Results for 'Direct Realism'

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  1. Sensorimotor Direct Realism: How We Enact Our World.M. Beaton - 2016 - Constructivist Foundations 11 (2):265-276.
    Context: Direct realism is a non-reductive, anti-representationalist theory of perception lying at the heart of mainstream analytic philosophy, where it is currently generating a lot of interest. For all that, it is widely held to be both controversial and anti-scientific. On the other hand, the sensorimotor theory of perception initially generated a lot of interest within enactive philosophy of cognitive science, but has arguably not yet delivered on its initial promise. Problem: I aim to show that the sensorimotor (...)
     
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  2. Direct Realism: A Study Of Perception.Moltke S. Gram - 1983 - Boston: M. Nijhoff.
    a vigorous and challenging defence of direct realism in which one gets not only a clear overview of what precisely the problems are, but also a forceful and ...
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  3. Against Direct Realism (near final draft).Paul Griffiths - 2021 - Philosophy Now 146 (October/November):12-13.
    Up until the middle years of the twentieth century, the vast majority of philosophers rejected theories of direct perception, but by its close direct realism had become the new orthodoxy. On the other hand, mainstream cognitive science has been consistent in its rejection of direct perception. And, moreover, when direct perception is championed by an avowedly radical Gibsonian minority it is at the expense of questioning the realist assumptions that underpin contemporary analytic philosophy. So here (...)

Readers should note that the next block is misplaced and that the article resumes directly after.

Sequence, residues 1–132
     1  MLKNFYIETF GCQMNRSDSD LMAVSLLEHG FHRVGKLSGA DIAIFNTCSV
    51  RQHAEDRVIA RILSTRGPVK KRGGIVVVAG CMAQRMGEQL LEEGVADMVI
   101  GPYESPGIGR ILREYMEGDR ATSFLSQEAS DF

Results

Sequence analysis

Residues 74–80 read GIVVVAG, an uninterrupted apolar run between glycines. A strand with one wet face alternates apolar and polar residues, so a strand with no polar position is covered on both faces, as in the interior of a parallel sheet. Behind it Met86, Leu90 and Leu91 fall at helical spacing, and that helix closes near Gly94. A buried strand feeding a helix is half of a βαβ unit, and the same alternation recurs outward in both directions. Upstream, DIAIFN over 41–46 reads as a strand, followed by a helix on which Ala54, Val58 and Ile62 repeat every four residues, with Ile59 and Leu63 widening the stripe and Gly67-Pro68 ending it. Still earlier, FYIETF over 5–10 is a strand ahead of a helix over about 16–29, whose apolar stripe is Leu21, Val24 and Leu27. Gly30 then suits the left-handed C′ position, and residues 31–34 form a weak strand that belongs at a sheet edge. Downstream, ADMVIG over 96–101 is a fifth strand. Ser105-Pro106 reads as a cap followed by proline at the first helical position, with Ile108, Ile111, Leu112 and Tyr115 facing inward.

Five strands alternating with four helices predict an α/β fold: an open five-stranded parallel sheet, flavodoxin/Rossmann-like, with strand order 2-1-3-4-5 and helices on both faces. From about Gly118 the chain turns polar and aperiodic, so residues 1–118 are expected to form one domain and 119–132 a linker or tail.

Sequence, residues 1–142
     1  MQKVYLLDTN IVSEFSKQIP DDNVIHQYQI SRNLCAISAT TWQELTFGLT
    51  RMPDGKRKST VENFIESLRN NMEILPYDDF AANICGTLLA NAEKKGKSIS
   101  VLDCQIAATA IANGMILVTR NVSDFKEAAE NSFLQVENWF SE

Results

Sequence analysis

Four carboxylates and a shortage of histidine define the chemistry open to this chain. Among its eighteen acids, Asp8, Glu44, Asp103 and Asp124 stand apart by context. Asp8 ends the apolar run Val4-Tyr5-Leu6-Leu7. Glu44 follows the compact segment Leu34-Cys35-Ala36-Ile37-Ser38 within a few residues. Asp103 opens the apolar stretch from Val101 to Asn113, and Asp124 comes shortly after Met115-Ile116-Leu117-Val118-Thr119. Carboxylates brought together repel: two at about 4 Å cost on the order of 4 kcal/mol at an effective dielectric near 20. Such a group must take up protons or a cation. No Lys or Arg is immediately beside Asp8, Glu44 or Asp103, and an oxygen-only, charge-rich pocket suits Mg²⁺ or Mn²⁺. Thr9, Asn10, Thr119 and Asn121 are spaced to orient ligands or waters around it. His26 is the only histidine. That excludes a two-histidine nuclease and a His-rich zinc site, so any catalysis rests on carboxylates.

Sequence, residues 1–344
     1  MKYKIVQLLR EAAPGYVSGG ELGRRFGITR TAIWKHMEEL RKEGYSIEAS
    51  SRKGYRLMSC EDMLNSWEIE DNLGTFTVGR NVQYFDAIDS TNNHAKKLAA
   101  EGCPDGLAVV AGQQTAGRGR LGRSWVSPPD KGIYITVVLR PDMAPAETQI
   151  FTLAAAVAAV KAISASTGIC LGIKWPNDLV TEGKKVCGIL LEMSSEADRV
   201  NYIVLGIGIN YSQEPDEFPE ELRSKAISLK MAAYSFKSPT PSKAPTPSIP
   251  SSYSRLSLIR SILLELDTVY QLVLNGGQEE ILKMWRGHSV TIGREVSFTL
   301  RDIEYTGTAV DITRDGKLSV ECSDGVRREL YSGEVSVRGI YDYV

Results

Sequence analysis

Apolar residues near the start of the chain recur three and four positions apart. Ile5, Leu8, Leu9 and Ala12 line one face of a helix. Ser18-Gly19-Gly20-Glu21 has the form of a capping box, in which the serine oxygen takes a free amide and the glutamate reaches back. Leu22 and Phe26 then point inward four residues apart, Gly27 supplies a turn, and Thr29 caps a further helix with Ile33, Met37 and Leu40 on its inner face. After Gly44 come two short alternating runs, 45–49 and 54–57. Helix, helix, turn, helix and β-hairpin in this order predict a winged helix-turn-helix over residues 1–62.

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  4. Direct realism and the brain-in-a-vat argument.Michael Huemer - 2000 - Philosophy and Phenomenological Research 61 (2):397-413.
    The brain-in-a-vat argument for skepticism is best formulated, not using the closure principle, but using the “Preference Principle,” which states that in order to be justified in believing H on the basis of E, one must have grounds for preferring H over each alternative explanation of E. When the argument is formulated this way, Dretske’s and Klein’s responses to it fail. However, the strengthened argument can be refuted using a direct realist account of perception. For the direct realist, (...)
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  5. Direct Realism, Introspection, and Cognitive Science1.Richard Fumerton - 2007 - Philosophy and Phenomenological Research 73 (3):680-695.
    Let’s define epistemological direct realism as the view that we have noninferentially justified beliefs in at least some contingent propositions describing the external physical world. I add the adjective “external” here so as to leave open the question of whether sensations and other mental phenomena are themselves physical. I take it that an indirect realist can consistently maintain both that all knowledge of external physical reality must be inferred from knowledge of subjective sensations and also conclude that subjective (...)
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  6.  54
    Direct Realism and the Brain-in-a-Vat Argument.Michael Huemer - 2000 - Philosophy and Phenomenological Research 61 (2):397-413.
    The brain-in-a-vat argument for skepticism is best formulated, not using the closure principle, but using the “Preference Principle,” which states that in order to be justified in believing H on the basis of E, one must have grounds for preferring H over each alternative explanation of E. When the argument is formulated this way, Dretske’s and Klein’s responses to it fail. However, the strengthened argument can be refuted using a direct realist account of perception. For the direct realist, (...)
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  7. Direct realism, intentionality, and the objective being of ideas.Paul Hoffman - 2002 - Pacific Philosophical Quarterly 83 (2):163-179.